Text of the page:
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Hot answers tagged credit-ratings

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Mapping ordinal data to interval data is arbitrarily. The ranking of rating agencies is ordinal data, so only comparing operators > or < can be applied. The data can be sorted and as a central tendency, you can calculate the median. The main aspect of ordinal data is that it allows for rank order but it does not allow for the relative degree of ...

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Yes, you can. Also, do not use Altman's Z. The extreme scores are predictive, but a load of empirical research shows the intermediate values are not predictive. The best solution is a Bayesian solution because you are gambling money. Bayesian methods are coherent. Coherence is the statistical property by which fair gambles can be placed. Frequentist ...

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Assume your outcome/dependant variable is the rating agencies rating category, say 10 to 20 rating categories, you can use ordinal logistic regression which is more natural for this kinda problem. So the model will predict the rating category. If your dependant variable is the internal default flag then you can have your model predict the default rate and ...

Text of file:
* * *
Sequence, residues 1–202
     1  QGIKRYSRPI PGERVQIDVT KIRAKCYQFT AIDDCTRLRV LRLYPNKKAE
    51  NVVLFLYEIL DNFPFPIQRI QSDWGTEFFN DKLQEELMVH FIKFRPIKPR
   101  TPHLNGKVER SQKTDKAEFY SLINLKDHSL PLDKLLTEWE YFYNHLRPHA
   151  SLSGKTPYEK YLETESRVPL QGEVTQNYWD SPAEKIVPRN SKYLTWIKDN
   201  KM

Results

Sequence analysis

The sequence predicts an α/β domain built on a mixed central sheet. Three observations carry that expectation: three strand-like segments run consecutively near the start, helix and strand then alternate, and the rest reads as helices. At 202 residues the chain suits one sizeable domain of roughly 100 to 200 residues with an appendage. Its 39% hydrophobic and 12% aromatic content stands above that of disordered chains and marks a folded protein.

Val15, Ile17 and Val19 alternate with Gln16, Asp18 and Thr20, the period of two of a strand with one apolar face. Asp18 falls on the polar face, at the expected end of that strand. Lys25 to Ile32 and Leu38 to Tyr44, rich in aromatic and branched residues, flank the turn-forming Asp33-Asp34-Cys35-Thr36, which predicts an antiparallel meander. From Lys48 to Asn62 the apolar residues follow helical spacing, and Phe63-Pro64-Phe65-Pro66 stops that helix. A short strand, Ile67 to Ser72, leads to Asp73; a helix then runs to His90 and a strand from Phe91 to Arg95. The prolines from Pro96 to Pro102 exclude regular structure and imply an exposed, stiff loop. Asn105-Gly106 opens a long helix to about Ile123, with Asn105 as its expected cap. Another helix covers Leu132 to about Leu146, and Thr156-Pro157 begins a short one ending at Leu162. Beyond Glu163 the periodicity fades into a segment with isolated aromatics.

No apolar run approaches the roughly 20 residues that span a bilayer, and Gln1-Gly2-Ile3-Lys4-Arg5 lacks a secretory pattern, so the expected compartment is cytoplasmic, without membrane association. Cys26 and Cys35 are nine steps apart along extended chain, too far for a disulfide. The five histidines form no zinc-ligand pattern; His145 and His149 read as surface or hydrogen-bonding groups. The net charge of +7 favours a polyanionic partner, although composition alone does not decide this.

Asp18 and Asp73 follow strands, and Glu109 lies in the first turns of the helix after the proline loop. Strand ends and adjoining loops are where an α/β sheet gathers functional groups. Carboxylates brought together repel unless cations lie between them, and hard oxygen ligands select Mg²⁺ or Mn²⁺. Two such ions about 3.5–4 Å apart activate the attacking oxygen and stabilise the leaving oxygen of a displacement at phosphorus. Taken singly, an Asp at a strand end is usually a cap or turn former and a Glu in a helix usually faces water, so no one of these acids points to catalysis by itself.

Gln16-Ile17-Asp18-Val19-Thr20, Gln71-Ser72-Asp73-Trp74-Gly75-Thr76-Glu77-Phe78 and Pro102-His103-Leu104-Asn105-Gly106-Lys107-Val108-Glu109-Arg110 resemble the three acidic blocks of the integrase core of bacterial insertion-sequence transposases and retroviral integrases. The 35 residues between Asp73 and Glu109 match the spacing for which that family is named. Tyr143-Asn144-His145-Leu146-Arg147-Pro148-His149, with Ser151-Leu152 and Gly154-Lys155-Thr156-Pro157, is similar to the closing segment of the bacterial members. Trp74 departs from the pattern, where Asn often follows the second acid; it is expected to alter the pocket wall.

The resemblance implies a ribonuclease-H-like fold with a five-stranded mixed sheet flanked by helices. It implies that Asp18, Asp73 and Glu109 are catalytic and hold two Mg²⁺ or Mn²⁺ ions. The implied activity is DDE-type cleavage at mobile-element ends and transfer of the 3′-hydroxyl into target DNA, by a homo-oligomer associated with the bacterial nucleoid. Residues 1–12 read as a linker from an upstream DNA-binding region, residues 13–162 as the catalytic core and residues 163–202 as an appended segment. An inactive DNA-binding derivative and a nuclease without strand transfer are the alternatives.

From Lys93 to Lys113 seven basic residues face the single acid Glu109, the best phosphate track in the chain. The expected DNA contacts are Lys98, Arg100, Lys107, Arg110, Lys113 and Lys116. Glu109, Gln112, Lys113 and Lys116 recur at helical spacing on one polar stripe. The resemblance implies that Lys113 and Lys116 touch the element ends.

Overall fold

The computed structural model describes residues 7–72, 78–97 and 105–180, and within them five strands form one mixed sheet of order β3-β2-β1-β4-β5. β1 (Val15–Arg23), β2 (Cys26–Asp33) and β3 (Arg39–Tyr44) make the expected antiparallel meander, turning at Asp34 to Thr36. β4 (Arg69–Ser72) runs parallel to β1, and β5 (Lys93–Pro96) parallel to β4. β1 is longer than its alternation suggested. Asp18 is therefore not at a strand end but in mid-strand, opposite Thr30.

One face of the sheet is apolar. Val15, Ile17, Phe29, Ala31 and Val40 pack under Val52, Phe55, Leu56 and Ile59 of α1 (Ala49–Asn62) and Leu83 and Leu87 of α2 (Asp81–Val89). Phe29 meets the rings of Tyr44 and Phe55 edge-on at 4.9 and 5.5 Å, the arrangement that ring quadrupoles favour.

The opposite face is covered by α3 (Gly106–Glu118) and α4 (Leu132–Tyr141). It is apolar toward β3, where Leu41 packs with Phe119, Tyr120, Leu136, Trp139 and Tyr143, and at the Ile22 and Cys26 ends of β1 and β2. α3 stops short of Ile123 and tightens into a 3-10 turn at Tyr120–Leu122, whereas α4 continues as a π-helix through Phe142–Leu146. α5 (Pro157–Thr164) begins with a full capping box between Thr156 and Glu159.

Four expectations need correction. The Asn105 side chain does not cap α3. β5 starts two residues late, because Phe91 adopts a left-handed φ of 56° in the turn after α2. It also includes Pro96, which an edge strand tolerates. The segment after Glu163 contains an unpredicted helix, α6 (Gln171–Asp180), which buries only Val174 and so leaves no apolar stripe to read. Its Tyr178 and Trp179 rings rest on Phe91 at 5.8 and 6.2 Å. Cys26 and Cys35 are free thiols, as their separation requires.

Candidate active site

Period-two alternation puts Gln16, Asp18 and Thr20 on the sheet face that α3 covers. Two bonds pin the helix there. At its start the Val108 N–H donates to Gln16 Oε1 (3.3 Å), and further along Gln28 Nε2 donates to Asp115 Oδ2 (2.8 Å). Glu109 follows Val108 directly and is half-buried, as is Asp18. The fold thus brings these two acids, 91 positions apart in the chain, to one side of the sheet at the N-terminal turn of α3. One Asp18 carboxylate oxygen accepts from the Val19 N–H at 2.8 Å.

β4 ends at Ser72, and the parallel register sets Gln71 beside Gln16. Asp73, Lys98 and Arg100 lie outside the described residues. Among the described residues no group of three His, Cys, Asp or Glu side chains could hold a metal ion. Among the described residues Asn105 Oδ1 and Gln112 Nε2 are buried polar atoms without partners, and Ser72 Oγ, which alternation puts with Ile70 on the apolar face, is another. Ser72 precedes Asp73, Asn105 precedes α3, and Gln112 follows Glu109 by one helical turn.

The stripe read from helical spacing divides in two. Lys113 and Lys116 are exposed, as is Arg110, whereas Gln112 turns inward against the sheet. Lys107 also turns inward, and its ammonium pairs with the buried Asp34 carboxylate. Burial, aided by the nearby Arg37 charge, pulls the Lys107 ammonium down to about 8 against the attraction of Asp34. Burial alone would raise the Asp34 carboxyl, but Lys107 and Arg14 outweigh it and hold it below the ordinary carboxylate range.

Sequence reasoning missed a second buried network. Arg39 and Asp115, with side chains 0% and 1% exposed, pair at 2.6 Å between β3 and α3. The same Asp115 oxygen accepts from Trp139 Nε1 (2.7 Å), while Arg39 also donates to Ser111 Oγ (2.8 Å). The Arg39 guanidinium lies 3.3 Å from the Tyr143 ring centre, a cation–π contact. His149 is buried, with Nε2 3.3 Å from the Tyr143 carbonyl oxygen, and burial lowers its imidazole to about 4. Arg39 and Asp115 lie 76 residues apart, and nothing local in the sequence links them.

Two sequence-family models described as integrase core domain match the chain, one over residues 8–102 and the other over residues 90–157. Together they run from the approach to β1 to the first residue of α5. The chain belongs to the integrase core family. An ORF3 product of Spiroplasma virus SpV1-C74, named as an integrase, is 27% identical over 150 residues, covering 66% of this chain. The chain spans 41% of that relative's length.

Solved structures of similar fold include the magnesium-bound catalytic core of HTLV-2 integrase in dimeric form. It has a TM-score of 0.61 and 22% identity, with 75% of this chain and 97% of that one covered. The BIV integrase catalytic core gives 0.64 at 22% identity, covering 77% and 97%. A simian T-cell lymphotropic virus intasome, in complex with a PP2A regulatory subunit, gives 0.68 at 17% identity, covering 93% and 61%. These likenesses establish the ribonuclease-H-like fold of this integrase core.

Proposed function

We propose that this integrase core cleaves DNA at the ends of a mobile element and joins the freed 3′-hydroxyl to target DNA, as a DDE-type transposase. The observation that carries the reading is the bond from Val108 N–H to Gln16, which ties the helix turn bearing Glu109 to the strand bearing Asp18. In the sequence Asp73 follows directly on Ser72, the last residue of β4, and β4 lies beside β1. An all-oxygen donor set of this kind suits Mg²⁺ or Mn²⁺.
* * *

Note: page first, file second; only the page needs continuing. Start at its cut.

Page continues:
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If you have access to the payment history then would not it be better to estimate the loss rate using historical payment data? The thing with the interest rate is it will include compensation for a lot of other factors as well, such as funding cost, capital charge, servicing cost etc. And some of these would vary by vintage, for example the funding cost ...

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One possible approach to mapping these ordinal measures into cardinal measures is to use something like average default probabilities of each of the ratings over the period in question. One can perhaps enhance the mapping by using transition probabilities of each rating into the other ratings over the period to take into account the distribution of ratings ...

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Note that Altman Z-Scoring model is calibrated on a sample many years ago. Therefore, a discrimination with these specific values for the coefficients is quite arbitrary. In that situation I think there are 2 options Option 1: Use the Altman's calibrated Z-Score as an indicator Suppose that you have a sample of $N$ private companies, where $D$ of them have ...

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